Our Iowa Heritage Index: Iowa City Artists.

As you can see, our growing website Our Iowa Heritage covers a lot of time (pre-1800 to the present) and a lot of people. We’ve written about famous people and the not-so-famous ones as well. Yet, despite a person’s prominence (or lack of it), everybody has a story. And as you read our posts, you’ll hopefully discover that everyone’s story is a good one. So, in order to better find these good stories and details surrounding them, we’ve added this INDEX of HISTORICAL ACCOUNTS to help you along the way. Enjoy your journey.

Our Iowa Heritage: An Introduction. We might suggest you start here! Here’s how & why I got started collecting stamps, coins, and other Iowa memorabilia.

George H. Yewell – Iowa City’s Pioneer Artist. Eleven-year-old George Yewell came to Iowa City with his widower mother to live with family, and over the next decade, George fell in love with his new hometown. At age 17, he began his journals of both words and art, sketching Iowa City scenes along the way, and by the 1850’s, this artist was well on his way to becoming recognized on both sides of the Atlantic, but this Hawkeye never lost his love for Iowa, leaving us with a valuable portfolio of Iowa City sketches – some of the earliest pictures we have of our beloved hometown.

Iowa City – Through The Eyes Of George Yewell. In 1854, George Yewell was commissioned to provide twelve original sketches of prominent sites in Iowa City. An area banking corporation took those sketches, combined them with the map work of J.H. Millar, and the result was a beautiful decorative map. Today, this map – Iowa City And Its Environs – provides us with one amazing look at our community as it was in the mid-1800’s.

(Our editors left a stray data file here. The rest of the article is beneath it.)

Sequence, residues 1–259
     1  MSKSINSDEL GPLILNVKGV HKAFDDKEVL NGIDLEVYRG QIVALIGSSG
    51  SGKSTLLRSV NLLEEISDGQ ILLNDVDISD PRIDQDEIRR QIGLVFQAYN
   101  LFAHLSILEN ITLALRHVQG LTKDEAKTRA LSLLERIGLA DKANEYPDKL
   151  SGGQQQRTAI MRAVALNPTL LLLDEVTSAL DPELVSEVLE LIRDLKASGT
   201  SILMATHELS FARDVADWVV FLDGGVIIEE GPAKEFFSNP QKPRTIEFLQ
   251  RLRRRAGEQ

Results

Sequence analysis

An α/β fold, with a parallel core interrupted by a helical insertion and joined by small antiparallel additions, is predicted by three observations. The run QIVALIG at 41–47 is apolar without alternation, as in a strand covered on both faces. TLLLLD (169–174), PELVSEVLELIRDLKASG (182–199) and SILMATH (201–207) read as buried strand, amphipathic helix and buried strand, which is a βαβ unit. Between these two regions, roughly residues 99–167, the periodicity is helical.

Isaac A. Wetherby – One Artist with Many Dreams. An artist specializing in portraits, Isaac Wetherby was enthralled by the commercial possibilities of daguerreotyping. As one of the first Bostonian artists to experiment with this new form of art, Wetherby used his “dags” to serve his artwork, painting oil portraits from his photographs. After a successful stint in Louisville, Kentucky, Wetherby began dreaming of coming west, and by the mid-1850’s, Isaac had opened his photography studio in Iowa City – soon to become our city’s most prolific 19th-century photographer.

Iowa City – Through The Eyes Of Isaac Wetherby. In July 1854, Isaac Wetherby arrived in Iowa City, opening a photography shop in a small second-floor office on Clinton Street. Throughout that first fall in Iowa City, when he wasn’t pre-occupied with customers, Isaac would venture about Clinton Street, experimenting with “non-professional” outdoor pictures – photos which, at the time, had little market value. But today, these outdoor shots have become Wetherby’s best known photographs, and the most history-laden pictures of early Iowa City.

The Wonderful World of SUI Colors – Black & Golden. In 1887, a handful of SUI students started asking some tough questions like ‘why do we not have any school colors?’ or ‘why do other colleges have a school song and we’re just singing about corn?’ Good questions, don’t you think? Join us for the colorful story about how SUI answered these burning questions.

Fred W. Kent – Continuing The Photographic Tradition. Fred W. Kent was best known as a versatile and talented photographer who documented everything from family and community life to landscape and natural vistas in Iowa City. Arriving here as a student in 1911, Fred spent the next 50+ years serving our community through his amazing gift of photography.